Making sense of the ‘One MSHA’ initiative

By |  February 6, 2019
Photo: Bill Doran


The Mine Safety & Health Administration’s (MSHA) “One MSHA” initiative has the agency on a path to operate as a single mine safety organization – not one in which some inspectors focus on coal while others are dedicated to metal/nonmetal.

The initiative is already underway, as MSHA leaders seek to improve the agency’s efficiency.

“It was unbelievable the amount of travel that some metal/nonmetal inspectors were having to make to go to a mine,” says Ed Elliott, a senior advisor to MSHA Assistant Secretary David Zatezalo. “They might have to travel five or six hours one way to do an inspection while there might be a coal office that’s 30 minutes away.”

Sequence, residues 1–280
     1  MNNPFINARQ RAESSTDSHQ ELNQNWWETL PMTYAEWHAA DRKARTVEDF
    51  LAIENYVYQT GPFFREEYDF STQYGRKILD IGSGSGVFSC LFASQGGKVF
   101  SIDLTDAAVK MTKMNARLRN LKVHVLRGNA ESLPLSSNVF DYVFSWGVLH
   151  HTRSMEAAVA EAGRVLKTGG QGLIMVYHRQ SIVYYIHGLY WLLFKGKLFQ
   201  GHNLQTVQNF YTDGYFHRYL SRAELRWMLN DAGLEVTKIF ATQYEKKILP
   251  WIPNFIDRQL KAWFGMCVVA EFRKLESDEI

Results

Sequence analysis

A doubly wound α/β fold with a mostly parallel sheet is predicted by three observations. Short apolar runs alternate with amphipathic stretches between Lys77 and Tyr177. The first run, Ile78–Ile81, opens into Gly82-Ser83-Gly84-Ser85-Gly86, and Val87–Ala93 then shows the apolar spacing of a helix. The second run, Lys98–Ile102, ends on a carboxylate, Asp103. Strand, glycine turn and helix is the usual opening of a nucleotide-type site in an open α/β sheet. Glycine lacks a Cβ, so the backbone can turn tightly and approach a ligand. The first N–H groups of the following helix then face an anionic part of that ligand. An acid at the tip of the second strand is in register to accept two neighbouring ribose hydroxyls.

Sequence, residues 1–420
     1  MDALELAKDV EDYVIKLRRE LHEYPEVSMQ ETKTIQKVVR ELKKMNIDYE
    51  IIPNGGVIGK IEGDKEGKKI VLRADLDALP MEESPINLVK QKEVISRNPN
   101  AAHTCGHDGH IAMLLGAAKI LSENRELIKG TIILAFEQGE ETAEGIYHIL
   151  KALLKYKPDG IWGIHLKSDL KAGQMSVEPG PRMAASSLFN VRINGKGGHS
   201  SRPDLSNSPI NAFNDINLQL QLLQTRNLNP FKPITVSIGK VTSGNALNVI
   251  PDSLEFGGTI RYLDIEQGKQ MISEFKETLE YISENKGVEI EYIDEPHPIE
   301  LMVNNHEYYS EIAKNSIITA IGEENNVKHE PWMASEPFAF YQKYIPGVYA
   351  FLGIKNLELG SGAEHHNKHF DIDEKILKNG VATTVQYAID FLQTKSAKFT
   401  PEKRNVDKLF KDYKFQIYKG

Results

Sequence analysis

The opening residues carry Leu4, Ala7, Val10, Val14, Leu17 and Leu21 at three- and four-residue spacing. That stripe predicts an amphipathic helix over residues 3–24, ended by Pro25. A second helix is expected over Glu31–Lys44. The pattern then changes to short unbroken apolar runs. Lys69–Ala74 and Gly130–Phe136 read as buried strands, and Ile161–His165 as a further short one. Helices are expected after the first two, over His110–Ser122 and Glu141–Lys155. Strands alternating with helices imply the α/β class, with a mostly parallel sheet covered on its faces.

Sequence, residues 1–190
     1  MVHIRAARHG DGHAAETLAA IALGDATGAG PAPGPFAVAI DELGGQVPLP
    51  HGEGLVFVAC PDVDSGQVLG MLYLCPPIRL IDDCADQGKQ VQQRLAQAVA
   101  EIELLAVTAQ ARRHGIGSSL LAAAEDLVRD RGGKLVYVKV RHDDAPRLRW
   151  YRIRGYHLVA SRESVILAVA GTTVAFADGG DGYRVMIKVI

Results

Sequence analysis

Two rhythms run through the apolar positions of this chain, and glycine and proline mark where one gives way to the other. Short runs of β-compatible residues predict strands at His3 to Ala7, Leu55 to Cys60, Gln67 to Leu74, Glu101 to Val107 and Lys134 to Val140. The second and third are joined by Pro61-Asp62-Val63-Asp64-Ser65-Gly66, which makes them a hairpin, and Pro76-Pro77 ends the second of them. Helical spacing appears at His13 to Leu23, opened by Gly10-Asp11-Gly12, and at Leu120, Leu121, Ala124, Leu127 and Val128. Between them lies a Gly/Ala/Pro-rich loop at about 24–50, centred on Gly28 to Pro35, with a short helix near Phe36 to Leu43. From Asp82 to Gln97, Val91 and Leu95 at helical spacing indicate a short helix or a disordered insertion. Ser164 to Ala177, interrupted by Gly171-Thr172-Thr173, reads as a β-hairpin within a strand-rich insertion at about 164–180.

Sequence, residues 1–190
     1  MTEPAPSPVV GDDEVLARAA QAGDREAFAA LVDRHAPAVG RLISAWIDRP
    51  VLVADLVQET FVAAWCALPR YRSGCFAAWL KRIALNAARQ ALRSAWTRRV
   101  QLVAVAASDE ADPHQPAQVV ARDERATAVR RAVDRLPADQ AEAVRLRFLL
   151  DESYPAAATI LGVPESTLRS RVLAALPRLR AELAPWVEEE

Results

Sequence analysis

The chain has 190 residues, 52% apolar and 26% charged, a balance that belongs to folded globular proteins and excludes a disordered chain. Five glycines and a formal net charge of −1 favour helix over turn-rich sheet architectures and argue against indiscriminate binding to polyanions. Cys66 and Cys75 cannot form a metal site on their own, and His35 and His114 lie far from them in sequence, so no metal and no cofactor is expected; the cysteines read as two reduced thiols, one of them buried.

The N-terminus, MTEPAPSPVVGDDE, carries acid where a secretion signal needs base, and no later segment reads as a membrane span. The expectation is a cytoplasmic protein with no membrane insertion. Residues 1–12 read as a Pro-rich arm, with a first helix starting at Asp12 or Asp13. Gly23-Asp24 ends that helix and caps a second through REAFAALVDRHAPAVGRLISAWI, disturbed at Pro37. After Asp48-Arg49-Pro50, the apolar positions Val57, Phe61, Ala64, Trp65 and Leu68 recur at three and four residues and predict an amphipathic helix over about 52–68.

With nearly 12,000 metal/nonmetal mines and about 1,100 coal mines across the United States, MSHA’s rationale is it makes sense to consolidate inspectors under one umbrella.

The agency’s transition, however, will likely produce challenges.

“You might say, ‘Well that makes sense because they’re all dealing with a particular provision of the Mine Act, Section 110(c),'” says Bill Doran, an attorney with Ogletree Deakins, the national labor, employment and safety law firm. “But the reality is when they’re looking at the underlying facts, they’re looking at the regulations, [and] that’s where there’s a disconnect.”

Additional inspector training is needed if the consolidation is going to work, Doran adds.

“They’re applying their understanding of how that should work at a coal operation,” he says. “That’s where you start having problems.

Avatar photo

About the Author:

Comments are closed